Newspaper article THE JOURNAL RECORD

Shackleton's Survival Skills: Risk Taking

Newspaper article THE JOURNAL RECORD

Shackleton's Survival Skills: Risk Taking

Article excerpt

This is the final installment in a series on British explorer Sir Ernest Shackleton's epic story of courage and survival in the Antarctic -- and the lessons we modern captains of capitalism can learn from Shackleton's survival skills.

What kind of man would head up the first expedition to attempt a crossing of the Antarctic continent? What kind of person would leave home and family and a comfortable lifestyle to brave and bear bitter cold below the Antarctic Circle? What apt adjective describes the soul and character of one who raises money from strangers to explore a strange continent for the mere purpose of seeing what's there? What kind of man, what kind of person, what apt adjective?

Risk taker.

Sir Earnest Shackleton was, above all else, a risk taker, and it is this quality that enabled him to survive the Antarctic entombment that trapped him and his crew for 22 months. It is also the quality that will enable us to survive the cold corporate culture in which we live.

The dictionary defines risk as "the chance of injury, damage or loss; dangerous chance; hazard." But such negative nattering would never have come from the mouth of Shackleton. More likely he would have defined risk the way the Chinese symbol for risk does -- combining the elements of "danger" and "opportunity." For Shackleton, risk was not a negative -- it was a chance for adventure.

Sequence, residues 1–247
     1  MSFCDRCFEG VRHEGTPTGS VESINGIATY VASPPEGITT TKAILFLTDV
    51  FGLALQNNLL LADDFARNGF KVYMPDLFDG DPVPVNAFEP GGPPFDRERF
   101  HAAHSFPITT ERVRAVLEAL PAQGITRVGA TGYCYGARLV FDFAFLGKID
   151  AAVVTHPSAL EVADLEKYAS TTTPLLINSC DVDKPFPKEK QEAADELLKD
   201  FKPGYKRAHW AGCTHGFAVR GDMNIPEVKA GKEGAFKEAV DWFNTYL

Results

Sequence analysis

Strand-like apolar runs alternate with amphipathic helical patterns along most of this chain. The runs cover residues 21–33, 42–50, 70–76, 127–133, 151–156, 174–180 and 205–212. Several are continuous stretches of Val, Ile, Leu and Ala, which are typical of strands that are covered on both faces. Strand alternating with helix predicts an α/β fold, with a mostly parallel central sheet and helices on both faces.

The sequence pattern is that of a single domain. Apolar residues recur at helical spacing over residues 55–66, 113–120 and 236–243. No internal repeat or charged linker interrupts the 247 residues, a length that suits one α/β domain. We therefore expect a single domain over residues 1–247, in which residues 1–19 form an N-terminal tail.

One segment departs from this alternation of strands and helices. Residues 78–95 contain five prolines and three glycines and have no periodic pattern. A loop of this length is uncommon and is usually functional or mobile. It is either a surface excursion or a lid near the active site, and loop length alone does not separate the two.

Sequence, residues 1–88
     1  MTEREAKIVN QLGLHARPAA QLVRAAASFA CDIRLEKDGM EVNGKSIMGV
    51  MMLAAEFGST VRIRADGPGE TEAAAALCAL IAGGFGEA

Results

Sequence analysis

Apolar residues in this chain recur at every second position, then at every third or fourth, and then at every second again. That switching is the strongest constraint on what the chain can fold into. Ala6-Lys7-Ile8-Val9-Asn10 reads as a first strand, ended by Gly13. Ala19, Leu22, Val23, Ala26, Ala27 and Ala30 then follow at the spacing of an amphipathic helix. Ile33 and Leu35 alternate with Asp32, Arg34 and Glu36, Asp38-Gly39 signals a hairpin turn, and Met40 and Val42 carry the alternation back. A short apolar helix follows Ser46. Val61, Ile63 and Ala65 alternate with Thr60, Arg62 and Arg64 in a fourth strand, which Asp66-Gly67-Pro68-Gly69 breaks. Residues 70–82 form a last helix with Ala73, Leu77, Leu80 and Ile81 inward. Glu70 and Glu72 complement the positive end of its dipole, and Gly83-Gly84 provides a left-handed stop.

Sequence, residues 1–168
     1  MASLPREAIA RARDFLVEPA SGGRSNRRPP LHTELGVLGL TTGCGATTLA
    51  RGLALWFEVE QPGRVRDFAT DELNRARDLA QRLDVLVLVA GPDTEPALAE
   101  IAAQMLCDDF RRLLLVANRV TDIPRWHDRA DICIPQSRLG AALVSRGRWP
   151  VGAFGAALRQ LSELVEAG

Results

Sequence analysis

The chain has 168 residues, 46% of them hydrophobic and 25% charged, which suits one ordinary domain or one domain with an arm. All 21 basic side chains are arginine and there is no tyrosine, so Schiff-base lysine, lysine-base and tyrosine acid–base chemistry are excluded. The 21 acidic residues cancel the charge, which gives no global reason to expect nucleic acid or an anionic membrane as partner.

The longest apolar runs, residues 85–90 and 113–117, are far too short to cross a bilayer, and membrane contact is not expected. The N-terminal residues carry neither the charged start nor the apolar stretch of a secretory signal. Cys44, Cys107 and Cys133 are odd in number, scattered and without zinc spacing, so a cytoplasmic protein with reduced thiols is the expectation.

But risk taking was more than mere male muscle flexing for Shackleton. It was the key to survival during the long Antarctic winter. From the time their ship, the Endurance, was crushed by ice floes and sank, to the time Shackleton walked the last few steps to safety, he was calculating and taking risks to preserve his life and those of his men.

It was a calculated risk that led Shackleton to rally his men to drag life rafts across frozen craggy ground in a futile attempt to hike to safety. It was a calculated risk that prompted Shackleton to construct Patience Camp on a floating ice floe and await a change in conditions when hiking failed. It was a calculated risk that urged Shackleton to eventually launch the life rafts into an icy, angry sea in a last-gasp effort to make it to solid land. And, ultimately, it was careful and calculating risk-taking that launched Shackleton's tiny life raft a second time in his final voyage to link up with civilization on faraway South Georgia Island.

Once they left the ice floe, Shackleton's crew traveled in life rafts to Elephant Island, not far from the Antarctic Circle. This bleak little stretch of land offered temporary respite but no permanent rescue. Shackleton soon determined a second boat ride would be necessary to save his men. He and a small group would launch out a second time and attempt to cross more than 800 miles of wild and wide-open sea in an effort to land at South Georgia Island, where there was a whaling station. …

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